Prior to a riding aboard one of Mexican low-cost carrier Interjet’s Sukhoi Superjet 100s, Flightglobal took a peek inside the airline’s third aircraft in a hangar at Mexico City Benito Juarez International airport on the eve of its entry into service.
The aircraft, registration XA-JLV, arrived from Venice on 7 November and still had the majority of its 93 seats wrapped in plastic less than 24h from its inaugural flight to Manzanillo on 17 November.
Interjet plans to use SSJ on “mid-density” routes from its hubs in Guadalajara, Monterrey and Mexico City, according to its chief executive Jose Luis Garza. He told Flightglobal in August that the aircraft was, for example, suited for the Monterrey-San Antonio route whereas it flies a 150-seat Airbus A320 on the Mexico City-San Antonio route.
The airline has not suffered from any of the technical hitches that other carriers, notably Aeroflot, have suffered. Garza told Airline Business on 15 November that its first two Superjets have achieved a 99.02% technical dispatch reliability.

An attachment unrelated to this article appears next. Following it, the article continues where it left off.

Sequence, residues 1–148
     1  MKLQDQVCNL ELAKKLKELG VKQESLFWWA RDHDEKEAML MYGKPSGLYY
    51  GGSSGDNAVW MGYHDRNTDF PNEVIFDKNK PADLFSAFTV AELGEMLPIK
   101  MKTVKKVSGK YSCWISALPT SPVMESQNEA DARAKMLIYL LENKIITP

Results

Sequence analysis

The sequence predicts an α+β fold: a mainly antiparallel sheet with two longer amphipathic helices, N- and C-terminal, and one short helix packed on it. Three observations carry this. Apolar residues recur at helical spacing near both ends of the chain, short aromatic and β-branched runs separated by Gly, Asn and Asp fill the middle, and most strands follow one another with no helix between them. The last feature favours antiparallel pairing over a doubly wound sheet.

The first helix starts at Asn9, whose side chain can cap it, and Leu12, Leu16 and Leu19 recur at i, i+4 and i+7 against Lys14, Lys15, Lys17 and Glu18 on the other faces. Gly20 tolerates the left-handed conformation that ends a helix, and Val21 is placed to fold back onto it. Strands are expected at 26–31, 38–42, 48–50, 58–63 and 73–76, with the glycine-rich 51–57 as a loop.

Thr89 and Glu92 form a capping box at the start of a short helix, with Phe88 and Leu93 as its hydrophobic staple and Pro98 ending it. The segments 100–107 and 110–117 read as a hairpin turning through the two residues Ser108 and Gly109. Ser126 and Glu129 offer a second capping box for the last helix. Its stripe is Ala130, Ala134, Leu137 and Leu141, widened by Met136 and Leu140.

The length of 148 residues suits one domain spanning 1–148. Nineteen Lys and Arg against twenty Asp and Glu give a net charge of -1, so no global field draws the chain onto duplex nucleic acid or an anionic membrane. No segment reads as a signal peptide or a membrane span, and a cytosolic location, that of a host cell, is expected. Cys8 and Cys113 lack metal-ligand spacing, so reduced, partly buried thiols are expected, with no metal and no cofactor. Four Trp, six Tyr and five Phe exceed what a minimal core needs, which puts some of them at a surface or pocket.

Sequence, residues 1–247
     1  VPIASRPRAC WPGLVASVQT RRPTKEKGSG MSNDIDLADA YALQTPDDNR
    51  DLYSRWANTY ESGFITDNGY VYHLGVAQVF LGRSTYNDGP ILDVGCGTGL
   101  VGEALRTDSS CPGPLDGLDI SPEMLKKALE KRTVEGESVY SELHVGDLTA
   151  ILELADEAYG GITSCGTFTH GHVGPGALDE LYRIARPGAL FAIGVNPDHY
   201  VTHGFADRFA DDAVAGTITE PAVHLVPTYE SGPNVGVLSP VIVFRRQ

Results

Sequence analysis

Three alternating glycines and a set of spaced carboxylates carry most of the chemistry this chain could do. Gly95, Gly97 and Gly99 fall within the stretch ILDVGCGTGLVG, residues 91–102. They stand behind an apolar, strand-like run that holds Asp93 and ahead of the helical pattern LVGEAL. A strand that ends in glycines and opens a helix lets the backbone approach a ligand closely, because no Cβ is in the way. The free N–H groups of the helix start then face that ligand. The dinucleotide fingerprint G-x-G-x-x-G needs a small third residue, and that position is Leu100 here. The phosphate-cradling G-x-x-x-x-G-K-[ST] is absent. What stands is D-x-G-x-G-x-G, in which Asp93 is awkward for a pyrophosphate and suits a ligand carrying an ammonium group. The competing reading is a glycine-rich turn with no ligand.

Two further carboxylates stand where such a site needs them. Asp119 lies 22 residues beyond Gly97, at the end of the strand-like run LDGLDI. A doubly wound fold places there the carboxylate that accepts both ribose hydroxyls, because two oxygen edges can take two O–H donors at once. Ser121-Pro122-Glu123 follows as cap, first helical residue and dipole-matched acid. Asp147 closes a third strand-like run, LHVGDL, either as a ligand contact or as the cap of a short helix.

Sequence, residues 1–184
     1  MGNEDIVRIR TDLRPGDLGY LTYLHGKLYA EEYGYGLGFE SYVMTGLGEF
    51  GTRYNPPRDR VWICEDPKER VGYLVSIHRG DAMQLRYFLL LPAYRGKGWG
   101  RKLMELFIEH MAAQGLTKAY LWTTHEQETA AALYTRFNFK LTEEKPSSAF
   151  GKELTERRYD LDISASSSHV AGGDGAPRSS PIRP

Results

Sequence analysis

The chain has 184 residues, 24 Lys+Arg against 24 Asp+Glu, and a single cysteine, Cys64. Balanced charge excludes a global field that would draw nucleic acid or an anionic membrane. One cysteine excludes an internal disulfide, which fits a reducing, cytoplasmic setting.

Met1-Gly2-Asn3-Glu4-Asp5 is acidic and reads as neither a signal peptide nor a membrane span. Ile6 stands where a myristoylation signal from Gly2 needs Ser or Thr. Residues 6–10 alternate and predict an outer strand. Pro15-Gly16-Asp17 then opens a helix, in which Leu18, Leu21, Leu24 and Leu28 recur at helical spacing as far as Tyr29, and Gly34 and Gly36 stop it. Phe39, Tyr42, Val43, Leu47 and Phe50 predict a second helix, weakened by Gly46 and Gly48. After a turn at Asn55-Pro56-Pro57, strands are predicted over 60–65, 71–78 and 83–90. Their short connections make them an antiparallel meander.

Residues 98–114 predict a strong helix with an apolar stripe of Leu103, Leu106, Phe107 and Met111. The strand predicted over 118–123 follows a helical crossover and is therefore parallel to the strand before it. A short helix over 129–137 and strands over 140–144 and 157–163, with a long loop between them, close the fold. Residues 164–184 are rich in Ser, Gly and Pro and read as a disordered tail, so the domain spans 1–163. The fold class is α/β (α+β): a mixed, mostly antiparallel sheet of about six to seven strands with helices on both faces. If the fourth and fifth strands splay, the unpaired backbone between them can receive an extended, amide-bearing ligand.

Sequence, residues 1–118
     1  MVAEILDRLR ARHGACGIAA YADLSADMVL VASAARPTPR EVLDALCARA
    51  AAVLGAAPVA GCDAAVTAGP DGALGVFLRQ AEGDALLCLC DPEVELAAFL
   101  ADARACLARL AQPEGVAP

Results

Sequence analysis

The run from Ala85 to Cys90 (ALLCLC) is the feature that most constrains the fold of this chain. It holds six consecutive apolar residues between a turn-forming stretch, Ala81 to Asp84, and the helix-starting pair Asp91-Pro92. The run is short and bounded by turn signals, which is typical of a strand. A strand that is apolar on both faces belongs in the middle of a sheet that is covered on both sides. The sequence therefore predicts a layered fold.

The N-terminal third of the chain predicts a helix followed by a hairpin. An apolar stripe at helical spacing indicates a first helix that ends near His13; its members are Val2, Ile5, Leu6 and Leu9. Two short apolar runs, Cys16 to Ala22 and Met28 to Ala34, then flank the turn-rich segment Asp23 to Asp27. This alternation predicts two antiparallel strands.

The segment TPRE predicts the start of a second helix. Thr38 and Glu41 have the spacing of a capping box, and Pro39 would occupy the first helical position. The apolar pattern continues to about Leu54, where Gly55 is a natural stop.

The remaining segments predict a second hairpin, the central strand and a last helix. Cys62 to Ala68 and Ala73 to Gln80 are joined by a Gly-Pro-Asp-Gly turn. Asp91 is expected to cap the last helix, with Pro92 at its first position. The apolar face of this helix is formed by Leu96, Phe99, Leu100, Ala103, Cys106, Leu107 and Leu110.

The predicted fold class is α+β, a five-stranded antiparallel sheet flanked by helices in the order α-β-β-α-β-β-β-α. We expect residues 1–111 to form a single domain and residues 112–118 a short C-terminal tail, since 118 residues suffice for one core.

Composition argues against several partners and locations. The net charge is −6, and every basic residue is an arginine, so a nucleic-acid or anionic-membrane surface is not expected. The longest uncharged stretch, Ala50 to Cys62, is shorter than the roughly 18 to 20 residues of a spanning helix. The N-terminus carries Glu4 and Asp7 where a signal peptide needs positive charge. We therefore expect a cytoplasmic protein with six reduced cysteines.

“The good thing about this aircraft is that it’s built by the Russians,” says Diego Hernandez, SSJ fleet supervisor at Interjet, prior to boarding SSJ-operated flight 3863 from Mexico City to Mazatlan on 17 November. “It flies like a fighter. It’s very responsive.”
The SSJ (XA-IJR) sailed through clear skies during the 76min flight over western Mexico. The engines were quiet – generating the steady hum common of most modern jets – the flight smooth and the cabin comfortable.
The forward belly camera was displayed on the cabin video screens, allowing passengers to watch the approach and landing in Mazatlan.
This Superjet flight went off without a hitch.